#### Event Title

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#### Document Type

Open Access

#### Faculty Sponsor

Matthew Anderson

#### Department

Computer Science

#### Start Date

21-5-2021 10:15 AM

#### Description

This research looked at the relationship between the expansion properties of a regular graph and the convergence time of a discrete-time quantum walk. Expander graphs, measured by their expansion parameters, exhibit high connectivity, while still being fairly sparse. Typically, a quantum walk on an arbitrary graph will converge on the target quadratically faster than with a classical random walk. It makes sense that the better of an expander a graph is, the faster the hitting time of a quantum walk will be. Data was collected by generating random d-regular graphs of different sizes and degrees, calculating their expansion coefficient, and then running a simulated quantum walk on the generated graphs to find the convergence time of a quantum walk. We found that as the spectral gap increased for graphs of a fixed size, the hitting time decreased proportionally, similar to a classical walk, while the maximum measurement probability increased. However, for randomly generated graphs of fixed size and degree, no dependence on the calculated expansion parameter was measured.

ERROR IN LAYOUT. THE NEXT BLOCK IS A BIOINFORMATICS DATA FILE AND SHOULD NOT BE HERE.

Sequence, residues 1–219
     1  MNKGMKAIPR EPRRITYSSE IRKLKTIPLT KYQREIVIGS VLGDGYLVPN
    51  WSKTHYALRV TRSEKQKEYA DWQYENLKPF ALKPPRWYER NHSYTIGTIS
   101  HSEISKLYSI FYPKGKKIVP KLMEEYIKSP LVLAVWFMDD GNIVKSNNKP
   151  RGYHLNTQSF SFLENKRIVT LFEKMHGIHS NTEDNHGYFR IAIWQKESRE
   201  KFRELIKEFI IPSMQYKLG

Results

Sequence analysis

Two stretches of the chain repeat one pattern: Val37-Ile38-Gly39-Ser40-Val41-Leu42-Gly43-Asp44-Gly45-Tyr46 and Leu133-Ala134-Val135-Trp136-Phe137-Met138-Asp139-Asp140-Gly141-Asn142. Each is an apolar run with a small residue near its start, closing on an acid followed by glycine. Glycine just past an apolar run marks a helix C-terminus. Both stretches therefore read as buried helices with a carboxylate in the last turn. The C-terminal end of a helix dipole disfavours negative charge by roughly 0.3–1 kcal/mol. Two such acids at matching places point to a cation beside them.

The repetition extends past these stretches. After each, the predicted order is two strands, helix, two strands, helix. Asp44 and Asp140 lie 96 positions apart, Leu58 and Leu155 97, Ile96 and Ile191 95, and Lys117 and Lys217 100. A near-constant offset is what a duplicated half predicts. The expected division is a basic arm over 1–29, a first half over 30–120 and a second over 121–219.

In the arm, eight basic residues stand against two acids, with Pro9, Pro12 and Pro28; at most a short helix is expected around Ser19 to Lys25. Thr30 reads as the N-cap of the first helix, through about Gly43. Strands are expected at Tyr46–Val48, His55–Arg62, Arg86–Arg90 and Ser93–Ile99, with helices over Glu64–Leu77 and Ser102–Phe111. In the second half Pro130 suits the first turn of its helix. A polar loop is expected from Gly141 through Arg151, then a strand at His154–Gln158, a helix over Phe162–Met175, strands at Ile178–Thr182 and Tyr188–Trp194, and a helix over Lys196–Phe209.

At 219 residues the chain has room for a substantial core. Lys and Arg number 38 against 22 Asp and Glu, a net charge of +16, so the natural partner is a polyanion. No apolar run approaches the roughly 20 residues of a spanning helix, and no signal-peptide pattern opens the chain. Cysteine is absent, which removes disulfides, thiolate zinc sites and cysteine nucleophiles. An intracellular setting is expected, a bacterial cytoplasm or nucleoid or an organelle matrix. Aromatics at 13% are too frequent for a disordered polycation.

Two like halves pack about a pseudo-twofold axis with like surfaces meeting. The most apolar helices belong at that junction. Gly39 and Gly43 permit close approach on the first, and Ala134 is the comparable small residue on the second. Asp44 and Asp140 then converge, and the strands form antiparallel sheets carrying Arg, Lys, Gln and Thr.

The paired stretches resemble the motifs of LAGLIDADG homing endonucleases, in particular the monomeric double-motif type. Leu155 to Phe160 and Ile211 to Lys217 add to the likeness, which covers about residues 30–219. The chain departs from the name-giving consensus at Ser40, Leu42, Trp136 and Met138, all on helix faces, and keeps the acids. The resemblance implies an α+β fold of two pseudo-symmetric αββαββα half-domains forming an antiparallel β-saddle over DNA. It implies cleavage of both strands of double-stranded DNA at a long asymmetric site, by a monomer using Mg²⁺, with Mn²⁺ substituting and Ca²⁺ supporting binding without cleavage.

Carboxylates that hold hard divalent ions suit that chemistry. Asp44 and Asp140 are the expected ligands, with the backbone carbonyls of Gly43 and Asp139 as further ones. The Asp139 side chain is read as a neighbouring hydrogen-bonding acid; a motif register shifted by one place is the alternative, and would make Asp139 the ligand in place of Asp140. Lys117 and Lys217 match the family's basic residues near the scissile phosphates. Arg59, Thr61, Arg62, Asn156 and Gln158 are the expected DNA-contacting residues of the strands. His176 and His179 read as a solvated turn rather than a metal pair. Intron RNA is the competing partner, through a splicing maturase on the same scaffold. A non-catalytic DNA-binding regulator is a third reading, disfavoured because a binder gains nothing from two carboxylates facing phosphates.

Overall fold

Quantum Walks on Expander Graphs

This research looked at the relationship between the expansion properties of a regular graph and the convergence time of a discrete-time quantum walk. Expander graphs, measured by their expansion parameters, exhibit high connectivity, while still being fairly sparse. Typically, a quantum walk on an arbitrary graph will converge on the target quadratically faster than with a classical random walk. It makes sense that the better of an expander a graph is, the faster the hitting time of a quantum walk will be. Data was collected by generating random d-regular graphs of different sizes and degrees, calculating their expansion coefficient, and then running a simulated quantum walk on the generated graphs to find the convergence time of a quantum walk. We found that as the spectral gap increased for graphs of a fixed size, the hitting time decreased proportionally, similar to a classical walk, while the maximum measurement probability increased. However, for randomly generated graphs of fixed size and degree, no dependence on the calculated expansion parameter was measured.